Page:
Additionally, where the object 32 receives radiation from an external source 44 as illustrated in FIG. 3 and FIG. 4, it may be desirable to receive that radiation through the object 32 at a predetermined slant angle such as the slant angle 40 illustrated in FIG. 4.
With respect to FIG. 5 an application of the invention in tomography is illustrated. As shown there an object 46 under study contains a region 48 of interest which is a localized source of radiation. Detectors 52 are provided to receive radiation from the object 46 through a collimator stack 54 in accordance with the present invention. The collimator stack 54 is rotatable on a support 53, about an axis 56 in a known manner according to conventional tomography practice. During the rotation of this collimator stack, the angle of skew φ may be varied so that the radiation path projected from the source 48 will describe an elliptical or other desired path 56 through points A1, A2 and A3 at the detectors 52 due to the changing acceptance axis of the collimator stack 54. Furthermore, this pattern may be changed during an exposure session to track one or more different paths such as path 58 through points A'1, A'2 and A'3. While the computer analysis techniques of tomography will still permit the generation of the desired tomographic image, the distribution of the sensed radioactivity throughout a large variety of view angles will improve image contrast within the final tomogram.
The variation in skew angle to produce the different paths 56 and 58 is continuous during the rotation of stack 54. To produce the elliptical pattern, other forms of continuous, or step variations in skew angle can be produced as desired. For this purpose a mechanism 59 mounted between stack 54 and support 53 may be used.
A mechanism for providing controlled skewing of the collimator stack in accordance with the present invention is illustrated with respect to FIGS. 6A and 6B. As shown there, a collimator stack 60 is held in alignment by an opposing pair of hinged mounts 62 and 64, the upper arm portions 66 and 68 of which are pivoted with respect to a bottom support plate 70 and 72 respectively. By angling the upper arm portions 66 and 68 with respect to the bottom plates 70 and 72 the entire collimator stack 60 can be skewed to a desired angle of view by sliding each of the plates within the stack 60 relative to each other. In order to help maintain a parallel alignment of the apertures in the plates, knife edge guides 74 may be provided to fit within the grooves or notches 20. In this manner the parallel relationship of the channels through the plate apertures may be maintained as the stack is skewed. Clamping means of conventional design may be used to hold the stack together.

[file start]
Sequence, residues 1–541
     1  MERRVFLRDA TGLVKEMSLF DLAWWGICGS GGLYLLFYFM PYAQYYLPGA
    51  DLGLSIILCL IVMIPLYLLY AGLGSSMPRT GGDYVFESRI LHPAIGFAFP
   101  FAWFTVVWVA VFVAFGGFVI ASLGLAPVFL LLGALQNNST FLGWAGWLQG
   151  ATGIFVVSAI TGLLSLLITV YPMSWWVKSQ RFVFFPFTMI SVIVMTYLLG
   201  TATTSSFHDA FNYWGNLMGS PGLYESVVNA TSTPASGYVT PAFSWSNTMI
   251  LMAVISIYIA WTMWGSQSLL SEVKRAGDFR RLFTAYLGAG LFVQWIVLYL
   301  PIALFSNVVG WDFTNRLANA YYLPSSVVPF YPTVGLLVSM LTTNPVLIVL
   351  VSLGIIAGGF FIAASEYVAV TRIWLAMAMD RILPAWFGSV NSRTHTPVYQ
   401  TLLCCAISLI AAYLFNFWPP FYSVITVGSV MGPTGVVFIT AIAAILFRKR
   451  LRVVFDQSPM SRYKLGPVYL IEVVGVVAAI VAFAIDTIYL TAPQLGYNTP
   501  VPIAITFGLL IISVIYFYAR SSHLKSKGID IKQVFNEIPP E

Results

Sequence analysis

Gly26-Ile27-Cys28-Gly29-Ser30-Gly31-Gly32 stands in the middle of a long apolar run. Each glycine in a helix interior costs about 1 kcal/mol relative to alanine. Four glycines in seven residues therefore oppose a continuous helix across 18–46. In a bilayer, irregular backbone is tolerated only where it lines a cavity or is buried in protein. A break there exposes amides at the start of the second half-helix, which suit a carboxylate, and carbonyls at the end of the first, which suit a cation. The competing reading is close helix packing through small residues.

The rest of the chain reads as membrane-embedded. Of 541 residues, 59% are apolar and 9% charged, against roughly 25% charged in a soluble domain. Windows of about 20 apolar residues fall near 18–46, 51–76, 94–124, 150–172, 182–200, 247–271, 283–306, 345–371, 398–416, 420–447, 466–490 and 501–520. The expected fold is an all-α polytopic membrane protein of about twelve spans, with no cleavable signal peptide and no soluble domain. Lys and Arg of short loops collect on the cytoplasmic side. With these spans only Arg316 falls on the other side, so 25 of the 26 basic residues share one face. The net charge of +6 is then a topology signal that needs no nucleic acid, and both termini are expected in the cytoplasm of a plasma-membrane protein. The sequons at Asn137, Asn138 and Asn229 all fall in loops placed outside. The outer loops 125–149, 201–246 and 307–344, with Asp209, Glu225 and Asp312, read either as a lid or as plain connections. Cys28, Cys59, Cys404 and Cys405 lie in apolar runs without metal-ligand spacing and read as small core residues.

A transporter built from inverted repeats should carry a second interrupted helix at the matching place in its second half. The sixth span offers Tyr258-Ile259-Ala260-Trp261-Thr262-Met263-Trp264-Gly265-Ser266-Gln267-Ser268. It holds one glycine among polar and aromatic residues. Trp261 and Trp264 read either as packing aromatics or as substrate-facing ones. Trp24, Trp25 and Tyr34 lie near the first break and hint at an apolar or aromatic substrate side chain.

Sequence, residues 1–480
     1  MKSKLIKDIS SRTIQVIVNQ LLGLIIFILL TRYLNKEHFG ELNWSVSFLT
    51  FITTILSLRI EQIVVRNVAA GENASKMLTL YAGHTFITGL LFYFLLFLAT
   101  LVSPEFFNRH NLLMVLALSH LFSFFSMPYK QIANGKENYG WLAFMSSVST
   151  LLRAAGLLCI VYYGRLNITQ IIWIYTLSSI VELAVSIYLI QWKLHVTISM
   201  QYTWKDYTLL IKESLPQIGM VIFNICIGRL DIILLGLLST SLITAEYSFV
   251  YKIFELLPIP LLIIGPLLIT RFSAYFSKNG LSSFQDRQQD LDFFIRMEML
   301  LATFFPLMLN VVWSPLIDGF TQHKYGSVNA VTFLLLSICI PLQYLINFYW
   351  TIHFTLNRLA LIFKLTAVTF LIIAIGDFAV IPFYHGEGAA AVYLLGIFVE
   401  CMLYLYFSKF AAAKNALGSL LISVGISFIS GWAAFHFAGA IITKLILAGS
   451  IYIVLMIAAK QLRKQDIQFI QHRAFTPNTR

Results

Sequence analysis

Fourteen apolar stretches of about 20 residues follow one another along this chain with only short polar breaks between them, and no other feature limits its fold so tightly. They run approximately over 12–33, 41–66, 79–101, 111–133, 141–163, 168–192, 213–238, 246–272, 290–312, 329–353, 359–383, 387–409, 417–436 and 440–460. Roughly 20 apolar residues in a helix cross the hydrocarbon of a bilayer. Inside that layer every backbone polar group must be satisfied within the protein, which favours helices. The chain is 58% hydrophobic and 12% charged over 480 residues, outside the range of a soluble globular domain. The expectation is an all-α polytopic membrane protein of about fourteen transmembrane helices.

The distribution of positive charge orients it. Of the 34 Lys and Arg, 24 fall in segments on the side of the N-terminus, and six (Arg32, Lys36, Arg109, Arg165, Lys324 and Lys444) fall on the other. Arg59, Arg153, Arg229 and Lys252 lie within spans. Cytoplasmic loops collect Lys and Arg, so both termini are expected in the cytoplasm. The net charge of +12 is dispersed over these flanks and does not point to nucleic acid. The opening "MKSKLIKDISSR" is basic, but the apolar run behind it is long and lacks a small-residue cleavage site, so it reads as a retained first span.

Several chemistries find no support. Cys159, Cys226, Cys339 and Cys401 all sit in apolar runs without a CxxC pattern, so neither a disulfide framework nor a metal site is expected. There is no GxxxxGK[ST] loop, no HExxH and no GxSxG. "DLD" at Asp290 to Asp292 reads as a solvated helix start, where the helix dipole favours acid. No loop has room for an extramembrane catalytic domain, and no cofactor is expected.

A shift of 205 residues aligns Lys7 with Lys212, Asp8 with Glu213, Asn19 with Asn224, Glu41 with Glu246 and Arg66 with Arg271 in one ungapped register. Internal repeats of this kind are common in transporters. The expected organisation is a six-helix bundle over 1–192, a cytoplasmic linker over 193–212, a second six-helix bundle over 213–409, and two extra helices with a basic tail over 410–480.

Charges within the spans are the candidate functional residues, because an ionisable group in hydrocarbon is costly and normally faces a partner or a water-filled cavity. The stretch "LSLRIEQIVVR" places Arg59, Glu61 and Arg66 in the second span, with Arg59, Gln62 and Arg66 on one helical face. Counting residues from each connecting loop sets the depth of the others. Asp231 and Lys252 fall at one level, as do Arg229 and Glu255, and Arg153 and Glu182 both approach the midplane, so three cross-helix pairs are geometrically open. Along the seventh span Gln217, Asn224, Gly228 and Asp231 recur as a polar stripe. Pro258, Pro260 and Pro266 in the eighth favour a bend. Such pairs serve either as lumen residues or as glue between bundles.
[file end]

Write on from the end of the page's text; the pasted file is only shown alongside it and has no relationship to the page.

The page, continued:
It is also possible, using the photo-etch technique typically employed to produce the apertured pattern of each plate, to alter the alignment of apertures from plate to plate by slightly adjusting the magnification in the photo exposure of the etched pattern from plate to plate. In this manner a collimator stack having a converging (or, in the opposite direction, diverging) character can be accurately produced. Such a collimator stack can also be adjusted in angle of view, and thus point of convergence, in the manner discussed above with respect to FIGS. 6A and 6B.
As noted above, the use of tungsten for the material of the plates 12 is convenient in that it provides a high degree of radiation absorption as well as ease of photo production. It is also possible to provide a support grid for the plate as a stainless steel stamping 76 (FIG. 7). In this case it is preferable to imbed the stainless steel in a lead or lead tin alloy coating 78. The lead coating may be etched to provide control over the pattern of apertures 80 through each plate. Additionally, a leaded plastic may be used and appropriately apertured. It is also possible to provide, around the periphery of each plate, a slightly greater thickness as shown in the peripheral region 82, so that the plates are supported entirely at their periphery. This prevents the scaling of the lead in the region of apertures 80. The stainless steel support mesh 76 provides sufficient tensile strength, while the lead coating stiffens the members in compression so as to support the plates in their center and to transmit the skewing forces without buckling.
As further modifications or improvements to the plate design illustrated with respect to FIG. 7, the lead coating 78 may be itself further coated with a stainless steel or plastic layer in order to further reduce sliding friction when rubbing against the surface of adjoining plates. Additionally, the apertures 80 may be filled with a low radiation-absorbing plastic such as a hardened foam in order to further improve the structural and sliding qualities of the collimator plates.
The above description is intended as exemplary only, the scope of the invention to be determined solely by reference to the following claims.
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|U.S. Classification||250/505.1, 976/DIG.429, 378/149, 250/363.1|
|International Classification||G02B5/00, G21K1/02|
|Cooperative Classification||G21K1/025, G02B5/005|
|European Classification||G02B5/00D, G21K1/02B|
|26 Feb 1981||AS||Assignment|
Owner name: MASSACHUSETTS GENERAL HOSPITAL, THE, BOSTON, MASS.
Free format text: ASSIGNMENT OF ASSIGNORS INTEREST.;ASSIGNORS:STRAUSS H. WILLIAM;MOORE RICHARD H.;ALPERT NATHANIEL M.;REEL/FRAME:003871/0127
Effective date: 19810220
|1 Jun 1987||FPAY||Fee payment|
Year of fee payment: 4
|3 Jun 1991||FPAY||Fee payment|
Year of fee payment: 8
|11 Jul 1995||REMI||Maintenance fee reminder mailed|
|3 Dec 1995||LAPS||Lapse for failure to pay maintenance fees|
|6 Feb 1996||FP||Expired due to failure to pay maintenance fee|
Effective date: 19951206